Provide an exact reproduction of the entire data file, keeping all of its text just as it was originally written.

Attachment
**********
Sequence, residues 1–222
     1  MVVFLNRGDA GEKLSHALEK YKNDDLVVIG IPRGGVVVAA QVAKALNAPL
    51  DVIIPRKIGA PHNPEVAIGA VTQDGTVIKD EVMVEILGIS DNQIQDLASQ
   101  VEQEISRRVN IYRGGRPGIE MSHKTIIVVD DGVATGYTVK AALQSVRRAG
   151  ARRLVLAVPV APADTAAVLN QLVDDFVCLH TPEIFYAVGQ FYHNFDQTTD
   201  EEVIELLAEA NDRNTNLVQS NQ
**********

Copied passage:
Sequence, residues 1–222
     1  MVVFLNRGDA GEKLSHALEK YKNDDLVVIG IPRGGVVVAA QVAKALNAPL
    51  DVIIPRKIGA PHNPEVAIGA VTQDGTVIKD EVMVEILGIS DNQIQDLASQ
   101  VEQEISRRVN IYRGGRPGIE MSHKTIIVVD DGVATGYTVK AALQSVRRAG
   151  ARRLVLAVPV APADTAAVLN QLVDDFVCLH TPEIFYAVGQ FYHNFDQTTD
   201  EEVIELLAEA NDRNTNLVQS NQ